Subject Areas on Research
- Anti-Myelin Oligodendrocyte Glycoprotein Optic Neuritis or Neuroretinitis?
- Clinical Reasoning: An 11-year-old girl with focal seizures, fevers, and unilateral, enhancing cortical lesions.
- Cytosolic phospholipase A2 alpha-deficient mice are resistant to experimental autoimmune encephalomyelitis.
- Dectin-1 limits autoimmune neuroinflammation and promotes myeloid cell-astrocyte crosstalk via Card9-independent expression of Oncostatin M.
- Degenerate TCR recognition and dual DR2 restriction of autoreactive T cells: implications for the initiation of the autoimmune response in multiple sclerosis.
- Estrogen receptor-β ligand treatment after disease onset is neuroprotective in the multiple sclerosis model.
- Infection with Mycobacterium bovis BCG diverts traffic of myelin oligodendroglial glycoprotein autoantigen-specific T cells away from the central nervous system and ameliorates experimental autoimmune encephalomyelitis.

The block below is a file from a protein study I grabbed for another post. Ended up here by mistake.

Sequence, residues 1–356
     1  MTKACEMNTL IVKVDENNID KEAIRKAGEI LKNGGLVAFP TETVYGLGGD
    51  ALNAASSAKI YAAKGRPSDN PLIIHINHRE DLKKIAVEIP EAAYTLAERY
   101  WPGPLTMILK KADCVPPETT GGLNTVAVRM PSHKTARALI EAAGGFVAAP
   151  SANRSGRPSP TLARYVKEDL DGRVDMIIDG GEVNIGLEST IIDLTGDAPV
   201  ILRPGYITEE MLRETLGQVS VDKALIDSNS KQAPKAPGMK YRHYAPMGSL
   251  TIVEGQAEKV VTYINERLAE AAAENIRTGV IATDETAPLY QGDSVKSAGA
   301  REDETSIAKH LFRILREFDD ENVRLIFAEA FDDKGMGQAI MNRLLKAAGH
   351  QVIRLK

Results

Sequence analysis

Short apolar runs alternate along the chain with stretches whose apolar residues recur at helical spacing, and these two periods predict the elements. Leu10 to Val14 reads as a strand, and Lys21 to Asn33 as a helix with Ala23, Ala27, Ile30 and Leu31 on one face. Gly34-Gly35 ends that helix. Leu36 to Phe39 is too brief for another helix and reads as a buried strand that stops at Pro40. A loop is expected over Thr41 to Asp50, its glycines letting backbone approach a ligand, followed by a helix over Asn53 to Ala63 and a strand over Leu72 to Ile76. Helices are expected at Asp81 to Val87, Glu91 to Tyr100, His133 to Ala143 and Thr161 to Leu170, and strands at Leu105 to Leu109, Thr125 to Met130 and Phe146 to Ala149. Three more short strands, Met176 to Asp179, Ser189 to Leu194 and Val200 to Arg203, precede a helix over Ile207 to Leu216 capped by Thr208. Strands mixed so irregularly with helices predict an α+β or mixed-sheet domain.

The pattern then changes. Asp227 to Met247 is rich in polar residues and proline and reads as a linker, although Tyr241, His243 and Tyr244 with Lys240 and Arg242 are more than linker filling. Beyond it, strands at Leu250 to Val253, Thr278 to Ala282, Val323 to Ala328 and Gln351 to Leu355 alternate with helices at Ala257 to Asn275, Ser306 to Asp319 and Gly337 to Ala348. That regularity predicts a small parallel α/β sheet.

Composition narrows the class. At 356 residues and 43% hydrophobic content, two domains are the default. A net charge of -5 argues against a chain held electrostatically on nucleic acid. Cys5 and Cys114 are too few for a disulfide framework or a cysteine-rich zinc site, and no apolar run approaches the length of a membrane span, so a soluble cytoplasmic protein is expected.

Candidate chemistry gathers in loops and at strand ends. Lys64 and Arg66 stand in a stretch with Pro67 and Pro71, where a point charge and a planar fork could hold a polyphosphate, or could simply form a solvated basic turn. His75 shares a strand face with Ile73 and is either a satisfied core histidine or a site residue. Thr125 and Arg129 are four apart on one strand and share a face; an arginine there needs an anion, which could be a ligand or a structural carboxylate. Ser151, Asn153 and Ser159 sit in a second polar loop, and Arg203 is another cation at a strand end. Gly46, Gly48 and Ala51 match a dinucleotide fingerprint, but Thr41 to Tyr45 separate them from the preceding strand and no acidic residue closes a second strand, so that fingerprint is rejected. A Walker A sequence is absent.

- Inhibitory role of CD19 in the progression of experimental autoimmune encephalomyelitis by regulating cytokine response.
- Linkage analysis of candidate myelin genes in familial multiple sclerosis.
- Mnk1 and 2 are dispensable for T cell development and activation but important for the pathogenesis of experimental autoimmune encephalomyelitis.
- Neuromyelitis optica spectrum disorder and myelin oligodendrocyte glycoprotein associated disorder-optic neuritis: a comprehensive review of diagnosis and treatment.
- PD-1/PD-L1, but not PD-1/PD-L2, interactions regulate the severity of experimental autoimmune encephalomyelitis.
- Regulatory B cells (B10 cells) and regulatory T cells have independent roles in controlling experimental autoimmune encephalomyelitis initiation and late-phase immunopathogenesis.
- Substance P receptor mediated maintenance of chronic inflammation in EAE.
- TGF-beta-induced myelin peptide-specific regulatory T cells mediate antigen-specific suppression of induction of experimental autoimmune encephalomyelitis.
- The clinical presentation and treatment of MOG antibody disease at a single academic center: A case series.
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